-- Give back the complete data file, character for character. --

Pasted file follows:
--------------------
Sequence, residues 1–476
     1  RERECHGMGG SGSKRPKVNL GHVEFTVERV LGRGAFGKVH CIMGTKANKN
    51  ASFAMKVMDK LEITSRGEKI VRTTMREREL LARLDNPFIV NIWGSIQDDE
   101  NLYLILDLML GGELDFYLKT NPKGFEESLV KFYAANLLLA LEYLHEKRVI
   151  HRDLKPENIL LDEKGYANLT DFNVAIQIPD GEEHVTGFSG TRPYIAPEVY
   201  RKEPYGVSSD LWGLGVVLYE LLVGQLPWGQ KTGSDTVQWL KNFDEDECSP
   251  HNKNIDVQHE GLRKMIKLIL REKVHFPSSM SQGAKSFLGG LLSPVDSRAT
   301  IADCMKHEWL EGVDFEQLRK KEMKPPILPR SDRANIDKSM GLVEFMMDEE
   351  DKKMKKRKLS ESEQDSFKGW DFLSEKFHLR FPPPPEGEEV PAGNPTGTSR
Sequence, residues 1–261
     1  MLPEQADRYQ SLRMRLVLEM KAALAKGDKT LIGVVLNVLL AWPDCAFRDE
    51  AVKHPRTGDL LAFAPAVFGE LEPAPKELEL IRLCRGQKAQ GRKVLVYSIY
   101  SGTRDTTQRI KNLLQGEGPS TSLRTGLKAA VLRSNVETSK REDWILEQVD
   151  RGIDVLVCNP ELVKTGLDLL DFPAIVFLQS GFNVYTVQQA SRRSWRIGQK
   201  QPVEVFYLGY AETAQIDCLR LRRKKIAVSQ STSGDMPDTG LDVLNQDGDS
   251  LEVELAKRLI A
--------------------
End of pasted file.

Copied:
Sequence, residues 1–476
     1  RERECHGMGG SGSKRPKVNL GHVEFTVERV LGRGAFGKVH CIMGTKANKN
    51  ASFAMKVMDK LEITSRGEKI VRTTMREREL LARLDNPFIV NIWGSIQDDE
   101  NLYLILDLML GGELDFYLKT NPKGFEESLV KFYAANLLLA LEYLHEKRVI
   151  HRDLKPENIL LDEKGYANLT DFNVAIQIPD GEEHVTGFSG TRPYIAPEVY
   201  RKEPYGVSSD LWGLGVVLYE LLVGQLPWGQ KTGSDTVQWL KNFDEDECSP
   251  HNKNIDVQHE GLRKMIKLIL REKVHFPSSM SQGAKSFLGG LLSPVDSRAT
   301  IADCMKHEWL EGVDFEQLRK KEMKPPILPR SDRANIDKSM GLVEFMMDEE
   351  DKKMKKRKLS ESEQDSFKGW DFLSEKFHLR FPPPPEGEEV PAGNPTGTSR
Sequence, residues 1–261
     1  MLPEQADRYQ SLRMRLVLEM KAALAKGDKT LIGVVLNVLL AWPDCAFRDE
    51  AVKHPRTGDL LAFAPAVFGE LEPAPKELEL IRLCRGQKAQ GRKVLVYSIY
   101  SGTRDTTQRI KNLLQGEGPS TSLRTGLKAA VLRSNVETSK REDWILEQVD
   151  RGIDVLVCNP ELVKTGLDLL DFPAIVFLQS GFNVYTVQQA SRRSWRIGQK
   201  QPVEVFYLGY AETAQIDCLR LRRKKIAVSQ STSGDMPDTG LDVLNQDGDS
   251  LEVELAKRLI A